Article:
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Texans 'J.J. Swat' Waiting For Ravens

Posted Sep 19, 2013

The reigning Defensive Player of the Year batted down two Joe Flacco passes last year, one returned for a TD.

Titans rookie guard Chance Warmack called Houston defensive end J.J. Watt “just another guy” after their meeting last Sunday.

The Ravens know better after getting routed by 30 points in Houston last year, in which Watt was a one-man wrecking crew on the Ravens offense.

The reigning NFL Defensive Player of the Year nicknamed “J.J. Swat” got his hands on two Joe Flacco passes, including one that caused a 52-yard interception return for a touchdown that started the onslaught.

“They got a couple turnovers in their way and were able to get after me a little bit. We just didn’t have a good day,” Flacco recalled Wednesday.

Watt has a knack for getting his hands in passing lanes.

He compiled 16 pass defenses last season, which would be a strong number for a defensive back, but is eye-popping for a defensive end. He had the ninth-most passes defensed in the league last year, one more than former Ravens safety turned teammate, Ed Reed.

Watt’s off to another strong start this season. He had three tackles and one pass deflection against San Diego in Week 1. Once Antonio Smith joined the Texans’ defensive line in Week 2, Watt registered five tackles, two sacks and another deflection.

Ravens Pro Bowl offensive guard Marshal Yanda said the Ravens need to know where Watt is on the field at all times. Flacco elaborated on what he’d like to see Baltimore’s offensive line do to neutralize the Texans rusher.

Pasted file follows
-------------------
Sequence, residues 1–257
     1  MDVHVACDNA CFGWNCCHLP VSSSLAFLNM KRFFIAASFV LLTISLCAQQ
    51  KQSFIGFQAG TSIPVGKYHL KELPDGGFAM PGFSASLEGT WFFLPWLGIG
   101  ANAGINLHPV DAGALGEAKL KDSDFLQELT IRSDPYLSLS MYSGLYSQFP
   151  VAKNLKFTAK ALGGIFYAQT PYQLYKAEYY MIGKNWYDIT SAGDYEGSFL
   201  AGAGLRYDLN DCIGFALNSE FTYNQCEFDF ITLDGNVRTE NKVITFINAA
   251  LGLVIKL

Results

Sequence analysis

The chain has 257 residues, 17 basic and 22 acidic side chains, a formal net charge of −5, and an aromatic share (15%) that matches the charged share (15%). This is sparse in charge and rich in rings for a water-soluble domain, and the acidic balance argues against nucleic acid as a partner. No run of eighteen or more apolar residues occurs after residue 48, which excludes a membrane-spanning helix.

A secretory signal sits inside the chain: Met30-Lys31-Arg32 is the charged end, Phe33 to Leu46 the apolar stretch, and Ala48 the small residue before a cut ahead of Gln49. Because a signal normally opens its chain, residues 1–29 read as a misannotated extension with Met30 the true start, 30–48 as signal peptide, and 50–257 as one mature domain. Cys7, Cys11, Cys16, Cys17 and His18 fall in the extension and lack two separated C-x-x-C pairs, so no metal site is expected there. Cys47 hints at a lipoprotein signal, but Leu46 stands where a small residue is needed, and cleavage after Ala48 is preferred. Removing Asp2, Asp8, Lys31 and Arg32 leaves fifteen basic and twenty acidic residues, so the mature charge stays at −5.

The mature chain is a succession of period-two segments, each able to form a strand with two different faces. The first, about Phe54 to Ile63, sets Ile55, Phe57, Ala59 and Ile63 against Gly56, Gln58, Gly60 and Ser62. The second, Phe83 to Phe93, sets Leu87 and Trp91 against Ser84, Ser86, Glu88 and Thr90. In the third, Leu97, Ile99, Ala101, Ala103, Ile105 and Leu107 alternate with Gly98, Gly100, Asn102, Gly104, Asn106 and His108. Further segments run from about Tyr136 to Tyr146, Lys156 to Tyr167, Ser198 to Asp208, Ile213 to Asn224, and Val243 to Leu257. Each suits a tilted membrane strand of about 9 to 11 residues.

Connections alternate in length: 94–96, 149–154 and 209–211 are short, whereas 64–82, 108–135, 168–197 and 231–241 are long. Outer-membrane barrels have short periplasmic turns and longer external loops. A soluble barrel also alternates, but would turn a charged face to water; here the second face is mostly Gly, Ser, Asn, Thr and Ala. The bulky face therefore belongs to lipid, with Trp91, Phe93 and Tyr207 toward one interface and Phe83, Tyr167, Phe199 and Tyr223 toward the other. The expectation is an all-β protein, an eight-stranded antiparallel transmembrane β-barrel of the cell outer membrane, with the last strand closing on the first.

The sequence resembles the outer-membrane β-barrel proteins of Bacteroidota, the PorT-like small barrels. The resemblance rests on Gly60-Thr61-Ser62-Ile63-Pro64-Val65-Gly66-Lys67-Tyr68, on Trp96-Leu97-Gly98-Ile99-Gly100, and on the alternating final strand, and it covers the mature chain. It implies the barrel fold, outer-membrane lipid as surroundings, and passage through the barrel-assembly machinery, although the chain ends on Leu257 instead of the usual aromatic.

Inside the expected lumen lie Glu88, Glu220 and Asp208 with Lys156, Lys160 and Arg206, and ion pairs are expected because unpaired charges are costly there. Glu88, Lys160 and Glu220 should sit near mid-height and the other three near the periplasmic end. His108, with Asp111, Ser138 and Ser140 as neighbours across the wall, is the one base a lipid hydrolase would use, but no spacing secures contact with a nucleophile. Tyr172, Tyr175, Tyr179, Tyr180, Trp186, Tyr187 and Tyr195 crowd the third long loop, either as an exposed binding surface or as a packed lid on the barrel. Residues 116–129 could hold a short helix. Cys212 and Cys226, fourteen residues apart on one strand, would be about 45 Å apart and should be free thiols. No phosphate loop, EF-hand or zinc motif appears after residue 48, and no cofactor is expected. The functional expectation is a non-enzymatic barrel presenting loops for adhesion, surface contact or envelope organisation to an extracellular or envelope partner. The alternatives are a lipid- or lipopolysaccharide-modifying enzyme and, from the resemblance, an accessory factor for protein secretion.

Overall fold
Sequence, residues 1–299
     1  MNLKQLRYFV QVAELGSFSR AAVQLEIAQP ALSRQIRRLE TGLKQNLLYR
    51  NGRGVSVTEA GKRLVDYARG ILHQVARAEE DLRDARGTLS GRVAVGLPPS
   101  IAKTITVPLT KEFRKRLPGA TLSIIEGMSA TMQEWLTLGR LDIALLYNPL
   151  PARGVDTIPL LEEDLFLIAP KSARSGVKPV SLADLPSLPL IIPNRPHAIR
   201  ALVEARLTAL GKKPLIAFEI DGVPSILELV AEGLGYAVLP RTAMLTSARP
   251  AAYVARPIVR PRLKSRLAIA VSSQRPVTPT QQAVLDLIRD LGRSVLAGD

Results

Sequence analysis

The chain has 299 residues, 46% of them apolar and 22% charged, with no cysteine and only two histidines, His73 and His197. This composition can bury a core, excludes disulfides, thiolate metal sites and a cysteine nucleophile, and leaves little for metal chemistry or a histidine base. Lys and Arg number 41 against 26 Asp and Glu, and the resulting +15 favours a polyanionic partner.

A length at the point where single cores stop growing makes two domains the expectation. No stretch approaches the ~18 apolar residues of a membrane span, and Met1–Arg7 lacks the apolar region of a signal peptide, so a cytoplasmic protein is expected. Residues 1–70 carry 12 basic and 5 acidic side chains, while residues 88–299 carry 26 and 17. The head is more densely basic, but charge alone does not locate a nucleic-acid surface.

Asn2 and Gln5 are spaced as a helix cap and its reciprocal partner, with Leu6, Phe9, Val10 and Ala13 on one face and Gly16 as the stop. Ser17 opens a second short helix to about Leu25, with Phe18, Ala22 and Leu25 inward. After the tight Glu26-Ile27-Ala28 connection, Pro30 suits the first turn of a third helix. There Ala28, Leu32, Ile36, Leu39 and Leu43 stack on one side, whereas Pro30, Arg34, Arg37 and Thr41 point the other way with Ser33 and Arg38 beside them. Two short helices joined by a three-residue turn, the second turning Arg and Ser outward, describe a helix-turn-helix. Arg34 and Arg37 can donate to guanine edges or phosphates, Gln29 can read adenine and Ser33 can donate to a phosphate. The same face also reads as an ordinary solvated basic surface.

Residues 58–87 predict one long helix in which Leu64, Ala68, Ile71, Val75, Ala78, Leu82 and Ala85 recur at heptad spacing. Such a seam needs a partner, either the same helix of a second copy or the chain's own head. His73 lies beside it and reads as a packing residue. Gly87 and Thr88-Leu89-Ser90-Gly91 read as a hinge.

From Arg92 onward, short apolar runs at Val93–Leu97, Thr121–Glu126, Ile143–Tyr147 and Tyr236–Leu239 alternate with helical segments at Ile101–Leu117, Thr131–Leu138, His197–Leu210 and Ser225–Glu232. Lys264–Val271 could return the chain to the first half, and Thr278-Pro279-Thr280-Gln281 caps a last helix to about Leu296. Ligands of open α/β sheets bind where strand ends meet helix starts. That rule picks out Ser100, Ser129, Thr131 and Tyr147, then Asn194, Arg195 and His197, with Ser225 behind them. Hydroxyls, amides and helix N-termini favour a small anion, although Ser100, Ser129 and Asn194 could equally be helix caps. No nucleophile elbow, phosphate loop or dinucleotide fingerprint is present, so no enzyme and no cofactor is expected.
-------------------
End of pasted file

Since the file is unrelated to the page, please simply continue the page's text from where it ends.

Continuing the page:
“The bottom line is you’ve got to be physical with him,” Flacco said. “If you’re not physical with him and you basically don’t play football, then obviously he’s going to have his day and have his way.”

One way to get opposing players’ hands down and out of passing lanes is to clobber them in the chest when they put their hands up. So look for Baltimore to engage the Texans defenders quickly and stay on them.

Still, it’s difficult to keep tabs on Watt because he’s so quick in his vertical and lateral movements. He has a strong swim move to gain backfield penetration. The Ravens were at least able to keep Watt from sacking Flacco in their first meeting, but it will be a major challenge to do that again.

“He’s really hard to block,” Head Coach John Harbaugh said. “He is hard to block in the run game, when you run at him, when you run away from him. He’s hard to block when you try to pass block him. He bats balls, he gets sacks. He’s just a very dominant-type defensive player.”

The primary job of blocking Watt will go to right tackle Michael Oher, Yanda and a tight end. Baltimore could also use a running back to help. If he doesn’t have success there, Watt could move around the defensive line to get a better matchup.

Texans Head Coach Gary Kubiak said Watt is studying his opponents now more than he did as a younger player, but last year Watt went against Ravens left guard Kelechi Osemele, who was then at right tackle.

“J.J. is very smart. He understands [Defensive Coordinator] Wade’s [Phillips] scheme, where he can move him around and try to give him the best chances to be successful,” Kubiak said. “But with him, it always comes down to effort. He’s a guy that plays hard and loves to play.”

Please Note

The opinions, analysis and/or speculation expressed on represent those of individual authors, and unless quoted or clearly labeled as such, do not represent the opinions or policies of the Baltimore Ravens' organization, front office staff, coaches and executives. Authors' views are formulated independently from any inside knowledge and/or conversations with Ravens officials, including the coaches and scouts, unless otherwise noted.

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